​​Adverse reaction reports summarise all reports of suspected adverse reactions that we have assessed. Events following vaccination are reported on the basis of suspicions, which means that there is not necessarily any causal relationship. The challenge is to distinguish symptoms and medical conditions which occur randomly from those which could be linked to vaccination. All reports are included in the report, regardless of whether or not an event is believed to be linked to vaccination.

Reports of serious events are given priority and assessed first. The figures therefore do not give a true picture of the distribution between serious and non-serious events.

Click here to go to an overview of reports of suspected adverse reactions (the adverse reactions report)

Young people more likely to experience common adverse reactions

Young people have a more active immune system than the elderly. As a result, they also tend to experience both stronger and more frequent common adverse reactions following vaccination, such as fever, headache and muscle pain.

- These very common adverse reactions tend to occur more frequently after the second dose. They can be troublesome, but they should pass. If they do not pass after 2-3 days or you experience other symptoms, you should contact a doctor,” says Senior Medical Consultant Ingrid Aas.

These common adverse reactions are a sign that the body is working hard to equip the immune system to deal with the coronavirus. We all respond differently to vaccines and you will be well-protected from COVID-19 infection even if you do not experience these adverse reactions.

Close monitoring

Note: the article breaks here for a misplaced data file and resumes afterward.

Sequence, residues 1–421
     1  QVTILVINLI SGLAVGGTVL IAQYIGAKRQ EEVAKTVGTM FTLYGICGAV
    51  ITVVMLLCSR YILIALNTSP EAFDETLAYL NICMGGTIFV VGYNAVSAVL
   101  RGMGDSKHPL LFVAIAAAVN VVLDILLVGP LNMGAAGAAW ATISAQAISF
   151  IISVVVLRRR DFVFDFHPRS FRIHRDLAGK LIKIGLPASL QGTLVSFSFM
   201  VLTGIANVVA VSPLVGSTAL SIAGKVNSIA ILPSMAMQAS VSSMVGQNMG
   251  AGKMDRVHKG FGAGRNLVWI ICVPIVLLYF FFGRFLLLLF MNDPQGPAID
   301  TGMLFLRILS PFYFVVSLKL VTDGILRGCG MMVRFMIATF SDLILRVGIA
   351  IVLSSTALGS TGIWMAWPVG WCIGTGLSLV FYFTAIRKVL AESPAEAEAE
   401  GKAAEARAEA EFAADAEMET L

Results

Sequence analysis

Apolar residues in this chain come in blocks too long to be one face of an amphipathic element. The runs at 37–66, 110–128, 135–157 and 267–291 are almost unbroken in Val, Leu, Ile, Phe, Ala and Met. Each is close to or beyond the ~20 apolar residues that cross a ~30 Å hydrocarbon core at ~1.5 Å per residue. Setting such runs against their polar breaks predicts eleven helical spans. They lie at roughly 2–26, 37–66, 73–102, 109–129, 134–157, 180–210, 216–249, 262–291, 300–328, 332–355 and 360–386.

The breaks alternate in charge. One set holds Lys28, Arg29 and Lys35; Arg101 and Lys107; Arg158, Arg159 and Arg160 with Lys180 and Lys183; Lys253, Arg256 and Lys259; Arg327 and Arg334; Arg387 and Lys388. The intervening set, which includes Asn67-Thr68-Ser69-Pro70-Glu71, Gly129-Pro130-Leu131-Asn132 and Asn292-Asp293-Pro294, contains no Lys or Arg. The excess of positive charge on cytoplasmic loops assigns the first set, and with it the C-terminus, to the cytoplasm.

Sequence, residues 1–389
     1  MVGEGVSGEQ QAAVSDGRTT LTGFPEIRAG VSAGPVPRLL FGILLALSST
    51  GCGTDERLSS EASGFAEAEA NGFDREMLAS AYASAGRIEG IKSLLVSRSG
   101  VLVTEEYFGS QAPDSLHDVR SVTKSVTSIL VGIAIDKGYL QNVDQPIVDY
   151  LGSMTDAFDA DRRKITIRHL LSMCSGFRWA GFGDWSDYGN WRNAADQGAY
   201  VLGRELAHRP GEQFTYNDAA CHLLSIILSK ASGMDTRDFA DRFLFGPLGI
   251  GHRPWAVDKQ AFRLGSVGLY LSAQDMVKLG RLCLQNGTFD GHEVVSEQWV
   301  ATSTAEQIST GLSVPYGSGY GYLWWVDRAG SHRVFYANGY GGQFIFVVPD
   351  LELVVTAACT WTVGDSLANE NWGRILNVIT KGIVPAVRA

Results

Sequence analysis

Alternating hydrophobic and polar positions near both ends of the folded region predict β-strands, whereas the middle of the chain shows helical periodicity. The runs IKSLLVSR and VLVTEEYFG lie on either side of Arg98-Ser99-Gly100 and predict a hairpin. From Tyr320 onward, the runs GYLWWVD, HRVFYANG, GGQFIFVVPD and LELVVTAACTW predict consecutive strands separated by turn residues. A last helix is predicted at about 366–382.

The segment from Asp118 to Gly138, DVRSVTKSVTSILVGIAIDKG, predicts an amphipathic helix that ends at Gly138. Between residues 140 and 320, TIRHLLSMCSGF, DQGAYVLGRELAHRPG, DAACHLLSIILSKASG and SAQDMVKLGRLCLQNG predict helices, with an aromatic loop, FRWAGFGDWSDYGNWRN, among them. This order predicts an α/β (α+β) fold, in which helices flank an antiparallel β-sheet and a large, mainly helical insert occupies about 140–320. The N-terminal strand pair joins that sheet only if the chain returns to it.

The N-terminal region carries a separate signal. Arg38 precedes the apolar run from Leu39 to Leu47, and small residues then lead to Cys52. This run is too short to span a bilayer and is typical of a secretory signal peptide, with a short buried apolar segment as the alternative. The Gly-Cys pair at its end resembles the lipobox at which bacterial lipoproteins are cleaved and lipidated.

The monitoring of adverse reactions amongst children and adolescents is given a high priority. We are closely monitoring the situation and are particularly alert to reports of serious events following vaccination.

Report adverse reactions on behalf of children

Children under 16: Parents and guardians can report adverse reactions on behalf of their child.

Children over 16: Young people over the age of 16 can report adverse reactions themselves, but they will need an electronic ID, such as Bank-ID. Parents can report adverse reactions if a power of attorney has been set up. Power of attorney can be set up digitally via helsenorge.no.

Find out more about representing other people at helsenorge.no.

We urge children and young people who experience troublesome adverse reactions to contact a health professional, such as a public health nurse or doctor, for assessment and advice. Health professionals are obliged to report serious, new and unexpected reactions which they suspect may be caused by a vaccine.

How to report adverse reactions

Click here for a link to the report form and more information on how to report adverse reactions (information in Norwegian).

Please remember to include the following information when reporting adverse reactions:

  • name of the vaccine and date of vaccination
  • detailed description of the sequence of events
  • when the adverse reaction first started
  • whether the reaction is persistent or has passed
  • other current medical conditions and medication
  • if/when a COVID-19 test has been taken, and the result
  • whether the reaction occurred after the first or second dose
  • whether a different type of vaccine was given as the second dose
  • the results of any blood tests or other medical investigations
  • whether a doctor has been contacted (for those submitting a “patient report” via helsenorge.no)

It is particularly important to report reactions where any of the following are suspected:​​

  • new adverse reactions not referred to in the patient information leaflet
  • unexpected adverse reactions
  • serious adverse reactions
  • vaccine failure (severe COVID-19 following full vaccination) 
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